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The Euro-to-Dollar rate was underperforming Friday, prompting the single currency lower against most major counterparts after a volley of economic data surprised on the downside and as investors appeared to cool it on wagers against the greenback ahead of the weekend.
Europe's unified unit was already on the back foot Friday before Eurostat said the bloc's economy contracted by -12.1% during the second-quarter, a larger fall than the -12% anticipated by consensus but one which came alongside an upgrade of estimates for the opening months of the year.
Last quarter's economic contraction was historic, but much less so than in other parts of the world and when combined with a first-quarter GDP estimate that rose from -3.8% to -3.6% the single currency bloc's economy actually did better than many had thought during the first half of the year.
"Both the high-frequency data and the traditional monthly survey data suggest that activity picked up further during the first month of Q3. Yesterday’s European Commission economic sentiment survey for July showed that production expectations among manufacturers turned positive. Both total and export order books rebounded for the first time since February. This bodes well," says Florian Hense, an economist at Berenberg. "Helped by a base effect, Q3 should show a strong rebound in GDP relative to a Q2 depressed by a very weak April. With luck, the economy may recover close to half of its Q2 losses in Q3."
Above: Euro-to-Dollar rate shown at 15-minute intervals alongside S&P 500 index futures (orange line, left axis).
Euro losses reversed only momentarily, with the rebound potentially limited by other Eurostat data showing core inflation surprising on the upside with an increase from 0.8% to 1.2%, when consensus looked for an unchanged reading. The consumer price index also surprised, rising from 0.3% to 0.4%. Core inflatin tends to garner more attention from the market because it excludes energy and food prices as well as tobacco and alcohol, prices of which can all be substantially influenced by factors unrelated to domestic demand.
Rising inflation numbers can lift currencies when they're seen as likely to facilitate a favourable change of monetary policy, either through higher interest rates or bond yields, but in the coronavirus ravaged world of 2020 interest rates and bond yields are unlikely to move higher for a substantial period of time no matter where inflation goes.
This potentially renders rising inflation a net-negative for currencies and may explain the Euro's subsequent underperformance, in part because higher inflation further reduces the already-paltry returns offered by bond yields which have been crushed by central banks this year.
However, the Euro's retreat did also come alongside a broader tick higher in most major U.S. Dollar exchange rates, which all fallen heavily this week.
"There is a net short DXY position in the latest CFTC data. The last time the speculative market turned bearish the DXY, in July 2017, the dollar fall had already lasted eight months. It has taken a big positional swing to drive the DXY down this far from the peak," says Kit Juckes, chief FX strategist at Societe Generale. "The dollar's weakness is reflected in a stronger euro, also driven by a large position shift that sees net longs as big as they were just before EUR/USD peaked in 2018, and they are concentrated in relatively few hands. This echoes the DXY position. Seasonal patterns don't point to EUR/USD weakness in August, and the longer-term EUR trend is upwards. But at the bare minimum, we would look for increased volatility, and a correction, in August."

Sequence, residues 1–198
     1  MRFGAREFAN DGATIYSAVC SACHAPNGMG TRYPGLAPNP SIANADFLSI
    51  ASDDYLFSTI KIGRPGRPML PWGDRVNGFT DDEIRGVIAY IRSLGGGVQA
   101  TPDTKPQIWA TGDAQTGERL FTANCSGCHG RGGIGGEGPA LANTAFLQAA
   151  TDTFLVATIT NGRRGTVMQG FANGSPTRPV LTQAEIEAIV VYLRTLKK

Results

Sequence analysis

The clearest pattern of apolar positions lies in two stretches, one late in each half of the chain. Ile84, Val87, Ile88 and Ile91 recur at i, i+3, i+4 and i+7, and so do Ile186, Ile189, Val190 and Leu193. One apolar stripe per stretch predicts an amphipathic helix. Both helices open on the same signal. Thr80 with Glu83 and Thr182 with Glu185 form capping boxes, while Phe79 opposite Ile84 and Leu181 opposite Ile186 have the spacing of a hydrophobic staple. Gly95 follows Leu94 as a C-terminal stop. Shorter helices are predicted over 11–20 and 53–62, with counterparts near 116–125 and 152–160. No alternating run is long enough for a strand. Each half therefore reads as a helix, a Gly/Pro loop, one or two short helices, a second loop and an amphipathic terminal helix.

The Dollar has gone from hero to zero and vice versa with the Euro, although there's no one single factor to explain the moves but rather a cacaphony of political and economic developments, not to mention risks to the outlook.
But Dollars were bought back Friday ahead of the weekend, which is the last opportunity for U.S. lawmakers to extend enhanced welfare benefits for American households before they expire with the July month. Pre-election politics have so far stymied the bipartisan spirit that produced the expiring funding from the original $2 trillion CARES Act.
The Dollar was correcting higher while stock markets and risk currencies like the Euro were faltering on Friday, a trend that some analysts see enduring through the traditional holiday month of August, which is typically marrred by thin trading volumes and reduced risk appetite. Fertile ground for a Dollar rebound.
The Euro-to-Dollar rate has this week crossed a major technical milestone that could ultimately see it back above 1.25 in the months ahead, so long as a cluster of support levels between 1.14 and just north of the 1.16 handle hold up.
"EUR/USD is through tough resistance at 1.1815/33, this was a 61.8% Fibonacci retracement, a 12 year resistance line and the September 2018 high. We are surprised that this has not held the initial test. The break above here targets 1.2635/66, the 200 month ma Initial support lies 1.1663 (cloud support) ahead of the March high at 1.1495. Ideally dips lower will be contained by the 2 month uptrend at 1.1430," says Karen Jones, head of technical analysis for currencies, commodities and bonds at Commerzbank.
Above: Euro-to-Dollar rate shown at weekly intervals with relative-strength-index momentum gauge in lower pane.
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